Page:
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San Blas

Eagle Ray


Private island?


Airport island


Kuna Indians


 The so dreaded crossing from Bonaire to Panama was actually very nice and uneventful. The weather can be very rough specially entering the Colombian Basin and approaching the continental shelf near San Blas. We were ready for the rough, but that never came.  Approaching the continental shelf, the wind died down and we went under engine for the last 24hrs of the journey. We were quite bored when we arrived in San Blas... After 5 days at sea we were rewarded with one of the most wonderful scenery that we have seen during this trip. San Blas has hundreds of islands, some uninhabited, surrounded by low lying reefs, others with small Indian settlements.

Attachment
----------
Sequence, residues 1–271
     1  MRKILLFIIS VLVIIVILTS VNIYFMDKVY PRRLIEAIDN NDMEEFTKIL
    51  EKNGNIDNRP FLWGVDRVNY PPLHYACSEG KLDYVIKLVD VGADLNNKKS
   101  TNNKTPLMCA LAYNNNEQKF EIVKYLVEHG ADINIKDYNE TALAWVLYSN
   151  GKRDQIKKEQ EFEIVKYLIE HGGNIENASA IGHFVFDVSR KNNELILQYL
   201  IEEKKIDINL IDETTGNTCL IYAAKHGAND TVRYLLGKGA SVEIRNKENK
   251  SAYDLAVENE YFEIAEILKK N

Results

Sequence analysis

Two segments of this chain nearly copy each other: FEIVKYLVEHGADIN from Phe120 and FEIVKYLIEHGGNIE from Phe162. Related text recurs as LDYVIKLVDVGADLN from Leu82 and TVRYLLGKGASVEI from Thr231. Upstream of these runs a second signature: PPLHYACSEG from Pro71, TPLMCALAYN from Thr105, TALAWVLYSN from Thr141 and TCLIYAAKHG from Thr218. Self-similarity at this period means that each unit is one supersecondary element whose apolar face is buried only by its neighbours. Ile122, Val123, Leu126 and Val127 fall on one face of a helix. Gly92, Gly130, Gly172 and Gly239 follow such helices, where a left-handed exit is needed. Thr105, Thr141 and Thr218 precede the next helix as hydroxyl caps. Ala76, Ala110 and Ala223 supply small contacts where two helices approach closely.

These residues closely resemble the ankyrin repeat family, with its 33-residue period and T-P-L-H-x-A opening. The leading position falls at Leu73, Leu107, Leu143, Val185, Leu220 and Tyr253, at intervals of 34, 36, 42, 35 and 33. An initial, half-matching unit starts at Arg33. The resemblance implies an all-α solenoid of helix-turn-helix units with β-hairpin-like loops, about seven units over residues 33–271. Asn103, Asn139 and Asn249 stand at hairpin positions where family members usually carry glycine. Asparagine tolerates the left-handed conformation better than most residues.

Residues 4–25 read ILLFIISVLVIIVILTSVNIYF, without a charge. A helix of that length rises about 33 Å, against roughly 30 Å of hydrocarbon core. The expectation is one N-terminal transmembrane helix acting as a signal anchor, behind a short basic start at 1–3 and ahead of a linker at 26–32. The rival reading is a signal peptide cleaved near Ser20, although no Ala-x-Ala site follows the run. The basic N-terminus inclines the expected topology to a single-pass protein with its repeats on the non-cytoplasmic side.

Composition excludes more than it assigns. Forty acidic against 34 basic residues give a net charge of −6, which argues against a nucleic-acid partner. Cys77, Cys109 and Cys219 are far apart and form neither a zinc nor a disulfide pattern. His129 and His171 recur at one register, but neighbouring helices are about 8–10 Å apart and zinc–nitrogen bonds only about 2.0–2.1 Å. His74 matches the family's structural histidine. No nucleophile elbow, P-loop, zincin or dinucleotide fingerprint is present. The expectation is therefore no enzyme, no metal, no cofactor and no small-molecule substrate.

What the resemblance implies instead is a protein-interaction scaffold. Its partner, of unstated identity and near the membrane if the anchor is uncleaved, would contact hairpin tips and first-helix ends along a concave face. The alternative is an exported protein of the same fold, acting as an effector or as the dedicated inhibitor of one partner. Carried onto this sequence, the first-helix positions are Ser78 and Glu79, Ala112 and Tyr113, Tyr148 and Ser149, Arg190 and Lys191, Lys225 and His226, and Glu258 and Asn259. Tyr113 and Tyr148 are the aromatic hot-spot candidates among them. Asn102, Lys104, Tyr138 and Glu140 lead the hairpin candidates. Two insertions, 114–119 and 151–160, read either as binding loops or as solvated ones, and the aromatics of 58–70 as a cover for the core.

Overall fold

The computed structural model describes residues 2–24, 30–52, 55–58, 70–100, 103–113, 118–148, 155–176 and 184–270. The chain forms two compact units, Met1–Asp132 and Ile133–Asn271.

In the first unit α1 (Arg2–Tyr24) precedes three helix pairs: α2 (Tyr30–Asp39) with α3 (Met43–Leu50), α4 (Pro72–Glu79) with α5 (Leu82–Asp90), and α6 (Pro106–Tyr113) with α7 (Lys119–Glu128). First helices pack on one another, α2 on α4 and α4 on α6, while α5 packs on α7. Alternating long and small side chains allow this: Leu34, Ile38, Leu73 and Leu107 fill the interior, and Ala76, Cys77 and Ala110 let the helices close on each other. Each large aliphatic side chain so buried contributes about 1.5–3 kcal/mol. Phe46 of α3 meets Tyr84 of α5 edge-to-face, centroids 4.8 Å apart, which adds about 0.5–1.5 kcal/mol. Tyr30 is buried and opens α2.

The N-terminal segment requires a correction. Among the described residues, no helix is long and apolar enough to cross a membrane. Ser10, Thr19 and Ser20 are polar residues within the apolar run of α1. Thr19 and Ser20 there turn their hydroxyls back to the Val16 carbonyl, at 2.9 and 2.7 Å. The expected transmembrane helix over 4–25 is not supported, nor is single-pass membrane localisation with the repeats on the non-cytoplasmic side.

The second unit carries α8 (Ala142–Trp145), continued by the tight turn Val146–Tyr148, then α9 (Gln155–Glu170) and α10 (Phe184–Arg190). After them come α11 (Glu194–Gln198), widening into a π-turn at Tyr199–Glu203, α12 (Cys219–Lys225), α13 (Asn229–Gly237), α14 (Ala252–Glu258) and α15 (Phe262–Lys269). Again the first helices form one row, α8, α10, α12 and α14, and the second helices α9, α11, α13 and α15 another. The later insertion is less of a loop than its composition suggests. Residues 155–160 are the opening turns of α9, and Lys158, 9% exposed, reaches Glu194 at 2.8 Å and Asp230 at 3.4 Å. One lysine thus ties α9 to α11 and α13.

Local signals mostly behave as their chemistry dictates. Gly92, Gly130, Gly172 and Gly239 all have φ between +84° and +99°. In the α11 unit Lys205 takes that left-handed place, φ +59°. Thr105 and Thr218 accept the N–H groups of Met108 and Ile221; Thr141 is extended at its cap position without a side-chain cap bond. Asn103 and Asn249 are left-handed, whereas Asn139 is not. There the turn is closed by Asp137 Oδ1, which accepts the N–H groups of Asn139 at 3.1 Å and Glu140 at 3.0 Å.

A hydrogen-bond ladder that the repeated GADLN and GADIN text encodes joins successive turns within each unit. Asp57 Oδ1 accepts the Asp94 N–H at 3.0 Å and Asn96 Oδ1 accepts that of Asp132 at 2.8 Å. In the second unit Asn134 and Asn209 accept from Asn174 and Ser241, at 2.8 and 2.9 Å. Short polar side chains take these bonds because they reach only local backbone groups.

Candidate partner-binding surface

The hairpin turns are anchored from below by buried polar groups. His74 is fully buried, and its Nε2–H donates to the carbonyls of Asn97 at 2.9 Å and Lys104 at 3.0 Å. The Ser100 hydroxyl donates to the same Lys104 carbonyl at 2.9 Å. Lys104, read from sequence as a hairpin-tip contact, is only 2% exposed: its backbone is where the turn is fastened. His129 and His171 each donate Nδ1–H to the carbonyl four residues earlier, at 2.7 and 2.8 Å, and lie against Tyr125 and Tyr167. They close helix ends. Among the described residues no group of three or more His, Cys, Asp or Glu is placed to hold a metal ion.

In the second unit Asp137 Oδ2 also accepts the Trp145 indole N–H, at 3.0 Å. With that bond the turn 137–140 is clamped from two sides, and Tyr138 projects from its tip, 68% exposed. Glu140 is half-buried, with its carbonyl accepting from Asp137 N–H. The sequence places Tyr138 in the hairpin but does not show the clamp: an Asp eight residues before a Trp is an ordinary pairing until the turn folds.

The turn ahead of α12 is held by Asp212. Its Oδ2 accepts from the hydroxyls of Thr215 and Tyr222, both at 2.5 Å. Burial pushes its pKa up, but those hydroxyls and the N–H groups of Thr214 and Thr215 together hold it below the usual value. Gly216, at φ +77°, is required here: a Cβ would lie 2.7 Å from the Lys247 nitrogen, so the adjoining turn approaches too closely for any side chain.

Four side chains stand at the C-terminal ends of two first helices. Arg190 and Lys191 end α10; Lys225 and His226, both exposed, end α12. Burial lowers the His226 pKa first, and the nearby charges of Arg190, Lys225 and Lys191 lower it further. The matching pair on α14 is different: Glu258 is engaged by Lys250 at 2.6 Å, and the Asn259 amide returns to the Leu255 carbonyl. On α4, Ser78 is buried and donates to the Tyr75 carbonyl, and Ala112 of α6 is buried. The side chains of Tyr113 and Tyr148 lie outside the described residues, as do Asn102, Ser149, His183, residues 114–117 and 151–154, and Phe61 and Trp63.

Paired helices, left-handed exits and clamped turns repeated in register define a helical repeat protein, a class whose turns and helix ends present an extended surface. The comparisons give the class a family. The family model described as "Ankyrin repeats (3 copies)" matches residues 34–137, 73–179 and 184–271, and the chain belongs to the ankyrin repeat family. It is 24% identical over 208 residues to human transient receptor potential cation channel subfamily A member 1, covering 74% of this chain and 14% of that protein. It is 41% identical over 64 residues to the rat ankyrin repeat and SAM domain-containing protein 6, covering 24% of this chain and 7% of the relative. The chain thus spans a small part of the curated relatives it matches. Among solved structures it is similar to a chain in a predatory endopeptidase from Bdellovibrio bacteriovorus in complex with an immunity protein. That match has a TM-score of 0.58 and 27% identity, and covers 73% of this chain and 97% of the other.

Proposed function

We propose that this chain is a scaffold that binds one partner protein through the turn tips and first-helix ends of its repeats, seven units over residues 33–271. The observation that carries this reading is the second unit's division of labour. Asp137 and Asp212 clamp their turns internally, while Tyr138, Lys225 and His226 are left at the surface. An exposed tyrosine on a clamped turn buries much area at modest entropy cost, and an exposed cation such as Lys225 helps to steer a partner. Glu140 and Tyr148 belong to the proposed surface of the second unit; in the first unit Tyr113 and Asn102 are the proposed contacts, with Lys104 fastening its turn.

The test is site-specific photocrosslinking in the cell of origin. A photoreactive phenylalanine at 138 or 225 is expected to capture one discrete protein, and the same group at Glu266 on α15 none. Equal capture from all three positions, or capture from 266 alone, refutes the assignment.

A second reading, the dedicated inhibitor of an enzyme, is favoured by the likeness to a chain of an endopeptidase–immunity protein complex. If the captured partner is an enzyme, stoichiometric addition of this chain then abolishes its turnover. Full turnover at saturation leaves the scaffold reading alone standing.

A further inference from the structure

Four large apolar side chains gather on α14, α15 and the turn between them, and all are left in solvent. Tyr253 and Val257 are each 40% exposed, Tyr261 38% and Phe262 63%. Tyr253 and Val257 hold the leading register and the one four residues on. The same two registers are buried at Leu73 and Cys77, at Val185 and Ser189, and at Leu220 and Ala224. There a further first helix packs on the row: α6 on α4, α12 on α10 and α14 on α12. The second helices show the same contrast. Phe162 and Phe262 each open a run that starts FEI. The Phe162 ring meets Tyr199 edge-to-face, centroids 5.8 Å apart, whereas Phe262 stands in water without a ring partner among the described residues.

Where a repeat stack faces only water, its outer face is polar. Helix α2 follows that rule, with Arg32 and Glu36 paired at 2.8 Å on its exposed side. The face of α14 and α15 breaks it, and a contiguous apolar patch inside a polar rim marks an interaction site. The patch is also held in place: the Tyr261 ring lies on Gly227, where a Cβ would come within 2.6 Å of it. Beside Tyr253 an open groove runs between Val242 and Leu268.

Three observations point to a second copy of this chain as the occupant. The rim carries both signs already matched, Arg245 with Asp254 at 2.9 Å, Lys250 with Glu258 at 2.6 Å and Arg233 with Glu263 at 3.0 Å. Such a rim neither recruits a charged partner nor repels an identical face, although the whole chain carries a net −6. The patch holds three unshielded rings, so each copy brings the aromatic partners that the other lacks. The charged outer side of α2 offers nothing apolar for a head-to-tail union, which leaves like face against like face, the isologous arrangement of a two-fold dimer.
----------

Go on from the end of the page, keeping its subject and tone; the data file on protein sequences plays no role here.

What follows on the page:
We anchored at Porvenir, which is the main island with customs, immigration and the "airport". Soon the Kuna Indians approached the boat selling molas and asking for magazines. The whole "Comarca" belong to the Kunas, one of the strongest nations among indigenous Americans. They survived violent inroads from outsiders and today they have developed a socio-political system equal to any of developed western countries, yet they still live a simple life. The airport is situated in one of the islands. The runway takes over the length of the island and contains a hut which is the boarding lounge. The airplanes that land here are really small, taking maximum of 20 passengers.  Here we waited for Herbert, arriving the following day. He will be joining the boat until New Zealand. The next 5 days we explored several of the islands. Chichime Cays has an intricate entrance from the south side, as all of the islands are surrounded by reefs. But this was only obvious when we were safely anchored.  Eye balling through the reefs, the depth was at one point so shallow that our hearts were beating fast.  After that we visited the island of Waisaladup, with one Indian settlement of 4 huts on the eastern side of the island. The snorkelling is fabulous, with lots of rays, some longer than one metre and dolphins swimming near the shore. The last island was Mamitupu. Judit approached Antonio, one of the Kunas, who invited all of us to visit his "hut”.  All three of us jumped into his ula,  a Kuna canoe carved from tree.  He took us to his island and introduced his family. Wife, children and grandchildren live together, making a total of 15 people in his family.  The main hut was used as living room and kitchen, sleeping quarters were in a separate hut. The children, pride and joy of the family, were very excited with new visitors. The children followed us around the village, introducing their pets, which were more unconventional parrots and a monkey. And they were delighted to pose for the camera. The Kunas view each new arrival as a financial Godsend, so we ended up buying far more molas  and plantains that we wanted!!! Nevertheless they are very curious about visitors and happy to show their way of life.